The latter issue has already claimed the career of one politician: An opposition Labor Party senator, Sam Dastyari, resigned this month amid accusations that he did China’s bidding at the behest of China-born donors. For weeks, he was pilloried in the media and by opponents as a symbol of China’s efforts to compromise Australian democracy.
Chinese influence also became a focal point of the recent race for an open seat in Parliament from a heavily Chinese area of Sydney, with candidates condemning one another as either too pro-China or China-phobic.
The Liberal candidate, John Alexander, a former professional tennis player, survived accusations that the government was whipping up anti-China sentiment to win the seat, preserving Prime Minister Turnbull’s majority.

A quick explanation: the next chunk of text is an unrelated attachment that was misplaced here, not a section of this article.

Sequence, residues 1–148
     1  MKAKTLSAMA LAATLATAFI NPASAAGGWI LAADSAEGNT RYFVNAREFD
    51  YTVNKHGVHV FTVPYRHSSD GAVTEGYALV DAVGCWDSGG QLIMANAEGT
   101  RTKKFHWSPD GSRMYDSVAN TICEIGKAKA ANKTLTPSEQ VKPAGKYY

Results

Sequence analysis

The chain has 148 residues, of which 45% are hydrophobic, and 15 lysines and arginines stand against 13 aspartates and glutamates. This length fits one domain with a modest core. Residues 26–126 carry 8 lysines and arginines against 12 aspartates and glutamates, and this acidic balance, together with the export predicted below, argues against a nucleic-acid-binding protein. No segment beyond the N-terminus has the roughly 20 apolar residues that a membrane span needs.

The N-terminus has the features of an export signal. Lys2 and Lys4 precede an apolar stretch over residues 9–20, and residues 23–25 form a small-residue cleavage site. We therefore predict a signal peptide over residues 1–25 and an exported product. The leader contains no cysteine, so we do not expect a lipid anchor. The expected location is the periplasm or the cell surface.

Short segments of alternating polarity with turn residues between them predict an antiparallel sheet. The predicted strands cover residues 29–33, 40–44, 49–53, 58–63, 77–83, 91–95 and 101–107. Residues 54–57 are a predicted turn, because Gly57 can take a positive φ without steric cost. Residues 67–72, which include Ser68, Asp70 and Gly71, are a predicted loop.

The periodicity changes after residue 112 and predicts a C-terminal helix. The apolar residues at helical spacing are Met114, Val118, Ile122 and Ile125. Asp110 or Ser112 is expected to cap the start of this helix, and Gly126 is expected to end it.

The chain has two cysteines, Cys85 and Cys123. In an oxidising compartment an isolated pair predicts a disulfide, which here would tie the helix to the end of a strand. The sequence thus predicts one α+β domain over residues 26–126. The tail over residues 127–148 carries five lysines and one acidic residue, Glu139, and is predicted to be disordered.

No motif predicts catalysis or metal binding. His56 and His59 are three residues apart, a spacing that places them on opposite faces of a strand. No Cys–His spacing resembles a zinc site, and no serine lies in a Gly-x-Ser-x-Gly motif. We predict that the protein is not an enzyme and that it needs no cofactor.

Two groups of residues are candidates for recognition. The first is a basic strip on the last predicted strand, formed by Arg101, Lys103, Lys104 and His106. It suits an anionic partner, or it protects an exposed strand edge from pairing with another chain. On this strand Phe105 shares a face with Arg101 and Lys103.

But concerns about Chinese influence show no signs of abating. Australia’s intelligence services have been anonymously leaking information to eager media outlets about what they describe as more potentially compromised politicians — including 10 as-yet-unidentified candidates in local and state elections whom they describe as having ties to Chinese intelligence services.
Many of these alleged “Manchurian candidates” are in areas with large immigrant populations, adding to the swirl of accusations and paranoia.
“What we’re seeing play out there are the somewhat toxic politics of national security, which have swamped countries around the West since 9/11,” Mr. White said. “There is a grave danger of us overreacting.”